With only hours notice the Department of Health called a press conference at its HQ in Whitehall. It said there was to be “an announcement on the future of the National Programme for IT”.
At about the same time a ministerial statement was laid in Parliament; and by lunchtime the media was reporting the death of the NPfIT. The Department's press release said a review of the National Programme for IT had “concluded that a centralised national approach was no longer required”.
But is the NPfIT really dead? Putting aside the rhetoric, it is hard to see what the Coalition has changed over and above what Labour had changed. If anything the NPfIT is now unmistakably alive.
At her press conference at Richmond House Christine Connelly, the Department of Health’s CIO, disclosed, in answer to questions, that a controversial part of the original contracts with the local service providers remains.
The contracts specify that NHS trusts are obliged to buy sufficient core and additional services from the local service providers to bring the cumulative spend up to what the contracts call the “cumulative minimum commitment” in any particular year.
In the contract between the Secretary of State for Health and CSC, the Cumulative Minimum Commitment’ represents up to 70% of the contract charges.
The NPfIT is far from dead
If NHS trusts don’t buy enough from BT and CSC, the suppliers are entitled to claim compensation.
In other words NHS trusts must continue to buy from the NPfIT’s two main providers who, between them, have more than £4bn worth of contracts. National, centralised contracts.
Connelly said at the press conference:
"In terms of our contract with CSC and BT we guarantee them a number of trusts will take their systems. That’s part of the contract arrangements.”
Connelly was asked how she can guarantee to buy from BT and CSC if the NHS doesn’t want to buy from them.
"Because the trusts in the NHS have indicated that they do want these systems,” replied Connelly. “In the work we have done, we have talked with a number of trusts and they are saying that, subject to everything working the way it is supposed to, for example with Lorenzo, that they want to do that.”
Will those trusts be obliged to buy from BT and CSC?
"In terms of the commitments we have under the LSP [local service provider] contracts with CSC and BT, there is a legal obligation from the NHS to purchase systems under those contracts and we fully intend to honour that.”
So more than £4bn worth of central NPfIT contracts with BT and CSC remain - unequivocally so.
The NPfIT's national systems remain
Connelly also confirmed that other national products under the NPfIT remain: electronic prescriptions, Choose and Book, the N3 broadband network and Summary Care Records.
What has changed from the original NPfIT contracts is that trusts can choose what systems to buy. But that changed under Labour.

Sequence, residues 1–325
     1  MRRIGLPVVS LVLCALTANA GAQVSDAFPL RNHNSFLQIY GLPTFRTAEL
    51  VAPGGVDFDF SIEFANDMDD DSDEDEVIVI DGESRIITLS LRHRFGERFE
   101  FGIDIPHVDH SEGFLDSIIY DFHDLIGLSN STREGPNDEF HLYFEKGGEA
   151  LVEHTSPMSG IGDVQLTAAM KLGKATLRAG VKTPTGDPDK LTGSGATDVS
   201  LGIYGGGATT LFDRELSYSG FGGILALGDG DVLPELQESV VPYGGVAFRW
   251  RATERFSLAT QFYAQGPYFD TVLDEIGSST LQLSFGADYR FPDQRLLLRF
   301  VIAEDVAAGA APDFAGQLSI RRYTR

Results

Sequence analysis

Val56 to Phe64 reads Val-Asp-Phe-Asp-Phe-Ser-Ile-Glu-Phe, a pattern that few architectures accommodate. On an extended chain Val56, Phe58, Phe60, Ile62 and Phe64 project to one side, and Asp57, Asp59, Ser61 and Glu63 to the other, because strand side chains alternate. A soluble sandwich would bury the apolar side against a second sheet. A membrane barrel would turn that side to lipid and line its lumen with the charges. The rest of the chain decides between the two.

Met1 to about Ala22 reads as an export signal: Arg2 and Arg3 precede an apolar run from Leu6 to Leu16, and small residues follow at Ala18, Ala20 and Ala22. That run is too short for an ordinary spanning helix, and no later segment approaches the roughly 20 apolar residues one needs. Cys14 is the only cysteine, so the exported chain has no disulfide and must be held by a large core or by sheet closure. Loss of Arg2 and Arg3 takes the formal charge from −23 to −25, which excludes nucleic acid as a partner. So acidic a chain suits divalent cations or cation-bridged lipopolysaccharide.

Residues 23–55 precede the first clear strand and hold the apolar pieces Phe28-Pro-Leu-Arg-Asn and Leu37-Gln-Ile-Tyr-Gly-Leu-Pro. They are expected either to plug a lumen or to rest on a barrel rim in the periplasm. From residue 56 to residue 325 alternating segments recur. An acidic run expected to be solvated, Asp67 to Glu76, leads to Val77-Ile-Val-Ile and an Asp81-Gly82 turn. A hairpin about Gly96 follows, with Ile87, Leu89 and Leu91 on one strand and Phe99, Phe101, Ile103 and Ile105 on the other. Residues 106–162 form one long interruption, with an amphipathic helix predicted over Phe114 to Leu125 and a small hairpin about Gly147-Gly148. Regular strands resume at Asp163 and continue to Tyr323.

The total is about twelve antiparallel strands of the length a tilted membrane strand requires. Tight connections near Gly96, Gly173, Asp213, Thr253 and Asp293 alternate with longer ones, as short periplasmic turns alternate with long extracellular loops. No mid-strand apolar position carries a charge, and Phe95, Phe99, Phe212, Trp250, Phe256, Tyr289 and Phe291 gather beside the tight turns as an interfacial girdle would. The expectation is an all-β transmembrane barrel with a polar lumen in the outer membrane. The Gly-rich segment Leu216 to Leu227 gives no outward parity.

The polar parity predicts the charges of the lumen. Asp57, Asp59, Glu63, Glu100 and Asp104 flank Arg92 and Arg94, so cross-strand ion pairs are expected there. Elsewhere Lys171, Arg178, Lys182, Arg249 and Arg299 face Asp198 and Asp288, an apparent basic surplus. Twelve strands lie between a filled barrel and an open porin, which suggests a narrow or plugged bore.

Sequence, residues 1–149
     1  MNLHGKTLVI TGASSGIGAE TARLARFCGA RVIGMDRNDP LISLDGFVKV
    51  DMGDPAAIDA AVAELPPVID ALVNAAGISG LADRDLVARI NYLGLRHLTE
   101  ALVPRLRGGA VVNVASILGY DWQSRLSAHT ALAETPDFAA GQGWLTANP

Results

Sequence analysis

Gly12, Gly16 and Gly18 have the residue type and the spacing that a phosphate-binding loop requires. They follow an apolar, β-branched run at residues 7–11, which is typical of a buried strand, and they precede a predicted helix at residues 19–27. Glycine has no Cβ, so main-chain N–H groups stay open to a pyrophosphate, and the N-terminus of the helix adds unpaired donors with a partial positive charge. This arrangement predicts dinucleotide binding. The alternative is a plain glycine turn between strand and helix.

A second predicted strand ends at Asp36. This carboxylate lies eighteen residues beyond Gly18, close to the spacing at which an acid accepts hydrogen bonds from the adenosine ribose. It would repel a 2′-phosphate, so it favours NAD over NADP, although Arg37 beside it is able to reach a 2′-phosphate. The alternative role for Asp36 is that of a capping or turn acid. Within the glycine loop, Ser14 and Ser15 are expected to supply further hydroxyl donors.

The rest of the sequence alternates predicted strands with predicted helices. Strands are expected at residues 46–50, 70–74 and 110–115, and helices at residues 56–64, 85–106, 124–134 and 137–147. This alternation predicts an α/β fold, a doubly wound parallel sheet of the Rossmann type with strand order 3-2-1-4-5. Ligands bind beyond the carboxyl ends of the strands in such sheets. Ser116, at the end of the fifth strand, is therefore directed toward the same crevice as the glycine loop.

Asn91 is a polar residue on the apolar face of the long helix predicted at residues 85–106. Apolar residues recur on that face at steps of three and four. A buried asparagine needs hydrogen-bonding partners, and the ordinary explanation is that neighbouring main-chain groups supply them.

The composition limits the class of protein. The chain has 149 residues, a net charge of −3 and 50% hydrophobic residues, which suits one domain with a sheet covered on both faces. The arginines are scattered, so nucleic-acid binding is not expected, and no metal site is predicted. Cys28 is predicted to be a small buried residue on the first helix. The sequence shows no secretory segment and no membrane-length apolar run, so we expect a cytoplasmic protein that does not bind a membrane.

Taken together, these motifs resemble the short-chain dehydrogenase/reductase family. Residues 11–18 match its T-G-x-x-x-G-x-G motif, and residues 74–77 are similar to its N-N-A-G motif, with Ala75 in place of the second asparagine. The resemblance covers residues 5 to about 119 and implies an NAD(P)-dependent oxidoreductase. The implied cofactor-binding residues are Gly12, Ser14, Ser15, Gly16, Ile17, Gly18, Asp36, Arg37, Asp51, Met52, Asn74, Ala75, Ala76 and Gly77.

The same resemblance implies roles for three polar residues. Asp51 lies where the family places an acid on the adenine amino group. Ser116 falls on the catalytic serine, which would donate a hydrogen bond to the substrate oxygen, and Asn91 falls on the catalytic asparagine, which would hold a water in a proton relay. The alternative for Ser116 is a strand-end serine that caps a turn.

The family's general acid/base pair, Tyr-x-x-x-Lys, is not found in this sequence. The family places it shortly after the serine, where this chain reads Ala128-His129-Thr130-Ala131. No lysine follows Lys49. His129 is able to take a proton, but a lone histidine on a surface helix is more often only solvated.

Before losing the general election, Labour revised the NPfIT local service provider with BT to waive its commitment to deliver core systems to all of London’s trusts. In return BT took £100m off the price of its contract. The revised deal left half of London’s trusts able to buy their systems of choice.
Labour also gave trusts in the south of England a choice of centrally-funded systems under a framework ASCC contract, which remains in place under the Coalition’s plans.
Elsewhere in England - within CSC’s domain - some trusts under Labour had already begun to buy outside the NPfIT.
So what is being scrapped?
Connelly was asked about the future of NHS Connecting for Health, the centrally-organised part of the Department of Health that runs the NPfIT.
She said the central bureaucracy associated with the NPfIT will be dismantled. But nobody has decided how; and she made it clear that the 1,200 staff at Connecting for Health may be retained, though dispersed within the NHS.
"We need to be clear about the activities that need to continue,” she said. “When we are clear about those we then match people to activities They [the 1,200 CfH staff] could be dispersed. That is absolutely an option. What we are clear about is that the future health service needs a highly-skilled informatics workforce.”
So the national NPfIT systems, central contracts and CfH staff will remain - if dispersed.
One change to the NPfIT that is exclusively the province of the Coalition is a promise of £700m savings on top of the £600m promised by Labour. But Connelly (who was at all times open and candid) conceded that the £700m in savings is an intention, not a reality as yet.
£700m in savings are aspirational
The £700m comprises £200m from CSC and £500m from local costs. The savings from CSC have yet to be negotiated and the £500m from local costs is an estimated - hoped for - figure, based on discussions with trusts.
As it’s business-as-usual with the NPfIT, why has the Coalition been content to allow the media to announce that the NPfIT is dead?
When an MP pointed out to Simon Burns, the NPfIT minister, that the media is saying the national programme is being scrapped, Burns indicated his approval. He could justify the headlines with the woolly argument that the Coalition’s intention is to move all decisions closer to the frontline.
The NPfIT cannot be scrapped
The reality, though, is that Coalition MPs have discovered that the NPfIT contracts cannot be economically cancelled and the huge sums invested in the national systems such as Choose and Book and Summary Care Records make it impossible to cancel them.
Health minister Simon Burns may be comforted by the idea of the NPfIT’s death, even if it’s been greatly exaggerated. The novelist EM Forster said that death destroys a man but the idea of death saves him.
NPfIT declared dead - Health Care renewal
The end of NPfIT announced - British Journal Healthcare Computing
EMIS to benefit from NHS changes - Techmarketview
Reaction to the end of the NPfIT - Pulse
Summary Care Record pushes ahead - Henry Porter